On October 18, 2016, 7 City Council members voted to approve the project site for the new arena. They also approved the POSSIBLE use of eminent domain to acquire the land. Reps. James Tolbert, Emma Acosta, Carl Robinson, Michiel Noe, Claudia Ordaz, Lily Limon and Cortney Niland voted in favor of the site.
In the last 24 hours, a recall has been started against Rep Cortney Niland and now Rep. Lily Limon is backing away from her vote. She told the news that she is worried that people are being forced out. Um, YOU VOTED TO USE eminent domain – what, exactly, did you think that meant? Her concern prompted her to post a comment on Facebook:
As far as announcements go, this is a pretty lame way to go about it. It is a comment on a Facebook post (not even her own Facebook page). Will she now join forces with Cortney Niland push forward an alternative? Who knows. It will be interesting to see if any other City Reps start changing their votes as the threat of a recall is hanging out there.
Michael Patino, a Union Plaza resident has filed paperwork to recall City Representative Cortney Niland. According to El Paso Proud, the paperwork cites 7 reasons:
- Failure to listen to the concerns of her constituents
- Lack of respect for residents
- Failure to keep the highest ethical standards
- Failure to respond t constituents of District 8
- Failure to protect her constituents in Union Plaza from displacement and demolition
- Failure to protect her constituents in Union Plaza from the threat of eminent domain
Now Cortney Niland is walking back from the arena. According to KVIA: “So when they are saying to me they are upset and maybe there are some unintended consequences that maybe staff did not factor into the equation, we maybe need to take stop and listen,” Niland said. She is also saying that there are some alternatives: “I think we might have something pretty exciting to talk about on Tuesday. Where we can still do it in that fiscally responsible way, save the taxpayers money, not displace anyone and make everybody happy,” Niland said. If these alternatives were available, why weren’t they considered in the first place?
News reports are saying that it is possible that other City Reps could also face recall. It is incredibly difficult to recall someone in El Paso, largely because nobody votes! Here are the steps required for a recall:
- File notice of the recall effort with the City Clerk
- You have 60 days from filing to collect signatures of 20% (more than 700) of registered voters who voted in the last election for that position (in this case, the last election for District 8 representative). If you are a registered voter, upset at Cortney Niland BUT didn’t vote in that election, it doesn’t matter how many petitions you sign, your signature doesn’t count.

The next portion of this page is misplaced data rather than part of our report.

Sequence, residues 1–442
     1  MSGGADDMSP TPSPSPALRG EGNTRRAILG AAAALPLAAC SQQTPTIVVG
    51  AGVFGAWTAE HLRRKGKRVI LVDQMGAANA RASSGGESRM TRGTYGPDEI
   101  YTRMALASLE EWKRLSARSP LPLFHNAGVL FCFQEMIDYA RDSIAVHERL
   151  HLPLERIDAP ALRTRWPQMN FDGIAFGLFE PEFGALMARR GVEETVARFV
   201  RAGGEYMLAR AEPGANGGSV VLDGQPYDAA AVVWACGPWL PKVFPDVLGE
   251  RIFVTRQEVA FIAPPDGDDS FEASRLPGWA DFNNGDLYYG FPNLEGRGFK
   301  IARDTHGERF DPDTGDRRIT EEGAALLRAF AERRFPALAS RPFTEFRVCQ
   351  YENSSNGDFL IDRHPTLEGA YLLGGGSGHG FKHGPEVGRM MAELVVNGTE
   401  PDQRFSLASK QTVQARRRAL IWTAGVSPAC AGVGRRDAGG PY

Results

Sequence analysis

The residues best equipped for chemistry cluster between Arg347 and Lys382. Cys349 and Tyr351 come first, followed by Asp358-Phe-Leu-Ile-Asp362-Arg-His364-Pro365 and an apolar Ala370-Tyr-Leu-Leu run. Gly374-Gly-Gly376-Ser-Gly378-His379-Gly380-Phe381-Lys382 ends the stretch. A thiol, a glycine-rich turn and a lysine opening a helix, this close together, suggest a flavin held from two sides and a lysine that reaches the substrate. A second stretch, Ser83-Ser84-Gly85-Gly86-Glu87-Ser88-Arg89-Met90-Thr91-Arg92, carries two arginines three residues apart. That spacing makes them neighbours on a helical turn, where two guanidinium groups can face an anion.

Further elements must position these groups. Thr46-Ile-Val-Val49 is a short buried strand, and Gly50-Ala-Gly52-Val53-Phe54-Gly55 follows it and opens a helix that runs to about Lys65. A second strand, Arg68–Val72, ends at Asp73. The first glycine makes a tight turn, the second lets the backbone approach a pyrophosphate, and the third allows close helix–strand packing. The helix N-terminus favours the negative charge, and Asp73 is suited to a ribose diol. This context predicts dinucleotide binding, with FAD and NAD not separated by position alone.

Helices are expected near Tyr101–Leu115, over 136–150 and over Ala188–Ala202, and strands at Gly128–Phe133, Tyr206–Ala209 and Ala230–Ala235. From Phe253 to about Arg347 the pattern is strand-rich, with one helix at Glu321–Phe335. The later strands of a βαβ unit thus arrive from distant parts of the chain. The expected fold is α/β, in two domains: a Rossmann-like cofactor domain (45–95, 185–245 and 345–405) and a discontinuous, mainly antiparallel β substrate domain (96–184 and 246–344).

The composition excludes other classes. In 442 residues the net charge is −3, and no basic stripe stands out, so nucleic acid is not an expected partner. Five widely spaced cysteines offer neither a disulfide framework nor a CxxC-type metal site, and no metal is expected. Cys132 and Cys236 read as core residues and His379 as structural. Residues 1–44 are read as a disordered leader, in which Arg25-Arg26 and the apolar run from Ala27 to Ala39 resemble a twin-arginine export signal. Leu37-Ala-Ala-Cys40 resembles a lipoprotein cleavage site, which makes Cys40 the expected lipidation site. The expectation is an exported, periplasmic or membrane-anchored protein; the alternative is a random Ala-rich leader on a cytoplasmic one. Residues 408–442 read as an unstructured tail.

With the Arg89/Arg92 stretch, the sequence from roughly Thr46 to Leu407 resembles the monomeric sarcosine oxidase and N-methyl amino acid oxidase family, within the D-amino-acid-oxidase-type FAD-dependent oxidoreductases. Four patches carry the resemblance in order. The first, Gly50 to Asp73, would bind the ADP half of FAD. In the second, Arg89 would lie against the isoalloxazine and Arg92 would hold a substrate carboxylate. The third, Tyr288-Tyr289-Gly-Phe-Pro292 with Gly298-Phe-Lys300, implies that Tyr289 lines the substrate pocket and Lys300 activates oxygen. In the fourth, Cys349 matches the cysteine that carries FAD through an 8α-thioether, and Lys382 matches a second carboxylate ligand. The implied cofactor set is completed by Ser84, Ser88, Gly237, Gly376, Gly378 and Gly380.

- Signing the petition has some pretty strict rules: signatures must be in ink, signer must enter their address, voter id number and date petition was signed.
- One signer on each paper must make an oath that each signature is that of the person who it purports to be.
- Within 10 days of filing the signed petition, the City Clerk and determine if it was signed by enough qualified voters. If the petition is insufficient, then an extra ten days to get additional signatures.
- IF the petition is adequate, then it goes to the City Council. If the person doesn’t resign, then a recall election is scheduled.
For the recall? Against the recall? Let us know!
In July, the topic of hourly wages for city and contract employees was discussed. During the meeting, Rep Lily Limon tearfully pleaded with City Council to raise the minimum wage to $10 for contract workers. Rep Noe said Limon’s plan would be bad for taxpayers. “We’re voluntarily, that is artificially, raising the price of a contract and saying ‘okay I’m not going to pay for it. The taxpayers are going to pay for this.”
Well, the topic came up again yesterday. An emotional Lily Limon tried again to “raise the minimum wage for janitorial, security and grounds maintenance contract workers to $10 an hour.” City staff reported the increase would have an estimated $3 million annual budget impact – that’s an extra $3 million that needs to come from somewhere. They had to raise property taxes to accommodate the budget for this year WITHOUT the $3 million increase, so there is no way the current (or future) budget could account for this.
The City Council has tabled the vote until they get more information. “The City will seek input from UTEP, The Hunt Institute for Global Competitiveness and its consultants in order to learn how other cities dealt with similar proposals.”
Every summer El Paso government officials start planning how they are going to spend your money and how much more of it they are going to take away from you. This past week the City Council began their budgeting process with a series of meetings. On Thursday, the topic of the minimum hourly wage of both city and contract employees was discussed. During the meeting, Rep Lily Limon tearfully plead with City Council to raise the minimum wage to $10 for contract workers. Rep Noe said Limon’s plan would be bad for taxpayers. “We’re voluntarily, that is artificially, raising the price of a contract and saying ‘okay I’m not going to pay for it. The taxpayers are going to pay for this.’